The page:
Keeping Up with Climate Change - Climate Zoning as a Tool to Fight Hunger
In countries around the world, farming households are facing the wrath of unpredictable climate patterns. This has not only resulted in hunger related deaths, but also in an increase in the number of persons living below the poverty line in many developing countries, especially in Africa where vulnerability is high.
The year 2017 saw over 30 million people facing starvation in East Africa, South Sudan, Yemen and northeastern Nigeria alone, according to reports by Oxfam International. Although these regions have experienced drought conditions in the last three to five years, the intensity and frequency of drought have increased - along with high food loses and hunger. This has threatened the livelihoods of the 80 percent of households in these regions that directly depend on subsistence farming. Some World Bank studies in Uganda show that 10 million people slipped below the poverty line in the last five years. This situation may reverse efforts by development groups to help vulnerable populations out of poverty, especially if nothing is urgently done to reduce the effects of climate change.
Although the Government of Uganda and numerous development partners have invested millions of shillings to boost agriculture production across the country, Mzee Okello and many others still stare at death in the face. Reports, like that published by DFID in 2008 , reveal that Uganda’s temperatures will rise by 1.4 oC on average by 2020 and as high as 4.3 oC by the 2080s. They serve as a call to action that we must respond to.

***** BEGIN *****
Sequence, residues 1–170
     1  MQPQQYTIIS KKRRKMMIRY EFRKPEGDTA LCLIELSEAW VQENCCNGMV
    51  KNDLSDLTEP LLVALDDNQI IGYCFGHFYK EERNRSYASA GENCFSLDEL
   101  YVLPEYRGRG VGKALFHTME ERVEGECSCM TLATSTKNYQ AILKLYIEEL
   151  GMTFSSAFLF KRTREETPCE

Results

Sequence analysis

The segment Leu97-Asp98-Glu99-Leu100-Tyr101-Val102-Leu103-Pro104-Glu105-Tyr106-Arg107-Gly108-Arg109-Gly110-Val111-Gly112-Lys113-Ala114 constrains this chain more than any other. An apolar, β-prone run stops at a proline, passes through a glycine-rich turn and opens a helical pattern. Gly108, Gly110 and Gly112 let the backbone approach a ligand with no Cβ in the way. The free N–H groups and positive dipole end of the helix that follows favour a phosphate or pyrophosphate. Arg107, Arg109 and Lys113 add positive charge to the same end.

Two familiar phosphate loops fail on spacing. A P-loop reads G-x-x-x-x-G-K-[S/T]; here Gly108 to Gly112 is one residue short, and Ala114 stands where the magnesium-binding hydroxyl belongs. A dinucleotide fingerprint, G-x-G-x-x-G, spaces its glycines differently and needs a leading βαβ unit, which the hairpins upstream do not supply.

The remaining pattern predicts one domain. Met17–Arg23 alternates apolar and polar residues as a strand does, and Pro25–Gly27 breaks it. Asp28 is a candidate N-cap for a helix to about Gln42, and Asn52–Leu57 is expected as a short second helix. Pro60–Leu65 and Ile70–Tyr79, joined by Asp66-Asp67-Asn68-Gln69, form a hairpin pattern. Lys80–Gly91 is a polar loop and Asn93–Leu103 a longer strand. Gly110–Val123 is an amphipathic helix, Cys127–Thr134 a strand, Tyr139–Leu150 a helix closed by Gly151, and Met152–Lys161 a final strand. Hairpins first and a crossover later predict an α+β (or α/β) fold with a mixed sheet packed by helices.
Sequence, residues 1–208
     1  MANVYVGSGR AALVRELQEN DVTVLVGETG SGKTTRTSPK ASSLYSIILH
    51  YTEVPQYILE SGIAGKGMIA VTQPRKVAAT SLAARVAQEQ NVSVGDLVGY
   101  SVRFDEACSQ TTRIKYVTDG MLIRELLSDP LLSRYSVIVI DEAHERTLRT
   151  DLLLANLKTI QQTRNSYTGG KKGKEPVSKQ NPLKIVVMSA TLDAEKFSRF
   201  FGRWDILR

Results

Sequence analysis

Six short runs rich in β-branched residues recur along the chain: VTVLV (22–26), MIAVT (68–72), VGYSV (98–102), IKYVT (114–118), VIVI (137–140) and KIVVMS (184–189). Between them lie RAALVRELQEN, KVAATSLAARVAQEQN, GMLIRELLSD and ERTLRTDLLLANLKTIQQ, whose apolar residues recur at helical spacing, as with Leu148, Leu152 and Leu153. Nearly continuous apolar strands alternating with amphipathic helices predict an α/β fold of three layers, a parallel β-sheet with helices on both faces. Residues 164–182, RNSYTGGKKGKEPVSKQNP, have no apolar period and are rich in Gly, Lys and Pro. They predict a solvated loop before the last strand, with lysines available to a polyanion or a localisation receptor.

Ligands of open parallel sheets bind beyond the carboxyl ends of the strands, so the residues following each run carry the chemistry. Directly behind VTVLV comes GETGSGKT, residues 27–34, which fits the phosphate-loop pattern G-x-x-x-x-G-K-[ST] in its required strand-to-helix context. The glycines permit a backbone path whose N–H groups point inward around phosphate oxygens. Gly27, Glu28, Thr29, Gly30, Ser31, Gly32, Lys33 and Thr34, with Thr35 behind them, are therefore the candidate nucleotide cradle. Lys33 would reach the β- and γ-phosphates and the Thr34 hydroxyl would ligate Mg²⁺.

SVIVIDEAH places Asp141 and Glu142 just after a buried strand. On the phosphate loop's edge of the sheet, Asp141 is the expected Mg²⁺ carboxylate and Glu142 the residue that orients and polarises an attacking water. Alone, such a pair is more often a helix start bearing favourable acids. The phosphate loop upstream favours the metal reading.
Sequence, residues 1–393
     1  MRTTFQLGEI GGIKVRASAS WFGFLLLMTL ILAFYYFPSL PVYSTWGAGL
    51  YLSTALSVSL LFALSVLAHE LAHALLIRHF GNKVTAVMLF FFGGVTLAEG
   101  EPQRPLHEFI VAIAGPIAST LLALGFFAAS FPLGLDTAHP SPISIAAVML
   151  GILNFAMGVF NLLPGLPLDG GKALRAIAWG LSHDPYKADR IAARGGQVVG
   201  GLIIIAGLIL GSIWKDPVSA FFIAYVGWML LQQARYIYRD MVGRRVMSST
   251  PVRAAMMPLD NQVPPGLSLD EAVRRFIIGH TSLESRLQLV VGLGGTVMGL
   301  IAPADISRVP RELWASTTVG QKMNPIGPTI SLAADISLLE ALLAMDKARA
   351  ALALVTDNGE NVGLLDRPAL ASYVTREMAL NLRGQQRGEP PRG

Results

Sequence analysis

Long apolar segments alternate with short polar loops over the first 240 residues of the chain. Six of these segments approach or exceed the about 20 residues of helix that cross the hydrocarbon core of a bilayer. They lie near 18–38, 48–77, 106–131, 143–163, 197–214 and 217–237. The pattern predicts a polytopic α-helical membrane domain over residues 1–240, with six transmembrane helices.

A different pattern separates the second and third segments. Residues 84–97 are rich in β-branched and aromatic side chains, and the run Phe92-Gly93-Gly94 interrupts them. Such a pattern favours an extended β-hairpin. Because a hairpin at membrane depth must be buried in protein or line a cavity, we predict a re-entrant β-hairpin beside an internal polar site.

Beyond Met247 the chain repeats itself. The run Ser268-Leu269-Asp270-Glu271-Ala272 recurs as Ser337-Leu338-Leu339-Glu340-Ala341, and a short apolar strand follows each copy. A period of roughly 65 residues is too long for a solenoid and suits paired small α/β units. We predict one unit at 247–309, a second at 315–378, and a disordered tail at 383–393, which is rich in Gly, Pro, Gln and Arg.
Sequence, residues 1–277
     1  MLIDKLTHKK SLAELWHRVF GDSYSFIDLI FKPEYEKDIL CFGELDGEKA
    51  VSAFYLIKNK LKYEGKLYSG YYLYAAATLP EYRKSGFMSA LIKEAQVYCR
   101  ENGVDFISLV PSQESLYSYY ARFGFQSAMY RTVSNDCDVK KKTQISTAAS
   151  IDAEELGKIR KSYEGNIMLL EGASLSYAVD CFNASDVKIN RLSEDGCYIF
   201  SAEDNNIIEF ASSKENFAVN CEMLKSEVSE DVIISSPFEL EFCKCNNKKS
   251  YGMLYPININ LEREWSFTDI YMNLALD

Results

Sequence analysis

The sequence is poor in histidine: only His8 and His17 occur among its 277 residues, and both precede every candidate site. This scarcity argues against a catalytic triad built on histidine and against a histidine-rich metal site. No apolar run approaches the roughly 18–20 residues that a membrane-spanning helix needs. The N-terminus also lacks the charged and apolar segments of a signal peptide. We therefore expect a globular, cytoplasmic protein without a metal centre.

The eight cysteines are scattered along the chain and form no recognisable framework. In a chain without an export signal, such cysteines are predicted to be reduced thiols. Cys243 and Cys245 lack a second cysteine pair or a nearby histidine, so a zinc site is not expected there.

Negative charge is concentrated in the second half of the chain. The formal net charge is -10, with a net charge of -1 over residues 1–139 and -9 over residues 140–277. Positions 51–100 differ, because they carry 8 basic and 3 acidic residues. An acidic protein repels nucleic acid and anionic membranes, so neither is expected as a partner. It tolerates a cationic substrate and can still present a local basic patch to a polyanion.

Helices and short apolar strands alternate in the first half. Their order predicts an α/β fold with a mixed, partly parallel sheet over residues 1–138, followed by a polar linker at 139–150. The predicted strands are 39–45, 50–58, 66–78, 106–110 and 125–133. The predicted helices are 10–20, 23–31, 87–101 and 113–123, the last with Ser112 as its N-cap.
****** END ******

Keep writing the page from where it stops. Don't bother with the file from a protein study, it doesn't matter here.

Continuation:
This should start with mapping of climate and livelihood zones such that targeted advisories and interventions can be implemented. Uganda has 38 livelihood zones mapped by looking at the uniqueness of the soils, rainfall patterns and farmer cropping patterns and behaviors. However, the agro-ecological zones as we know them today are being re-shaped by increasingly frequent extreme climate events, such as flooding and prolonged drought.
This is something Ethiopia is aggressively pursuing, starting with accurately mapping climate zones and understanding of climate trends in the different Woredas (district administrative units). With the Agriculture Growth Program (AGP) targeting youth and women, Ethiopia is boosting production by working with farmer cooperatives and involving the private sector in agro-processing and marketing. This has led to tremendous increases in production, with wheat yields in Sinana woreda tripling from 1.8 to 5.0 tons per hectare in just three years, between 2011 and 2013. Although the country experienced severe drought in the last cropping season that led to low harvests, one can appreciate the progress they are making towards achieving food and income sufficiency among farming households through this type of planning.
Norman Borlaug, the American scientist who led the green revolution around the world, once said that you can’t build a peaceful world on empty stomachs and human misery. Climate change is therefore a direct threat to peace as it threatens to increase poverty across the world.
Ariong Moses is an Agriculture and Environment Specialist. He is an Aspen New Voices fellow 2017. He tweets @ariongm
Story originally published on http://allafrica.com/view/group/main/main/id/00058572.html